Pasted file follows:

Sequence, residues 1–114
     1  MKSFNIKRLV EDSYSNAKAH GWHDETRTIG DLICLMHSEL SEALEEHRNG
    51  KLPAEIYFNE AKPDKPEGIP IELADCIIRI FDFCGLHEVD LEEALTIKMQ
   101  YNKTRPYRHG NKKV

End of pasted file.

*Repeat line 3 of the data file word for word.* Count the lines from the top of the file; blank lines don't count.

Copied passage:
    51  KLPAEIYFNE AKPDKPEGIP IELADCIIRI FDFCGLHEVD LEEALTIKMQ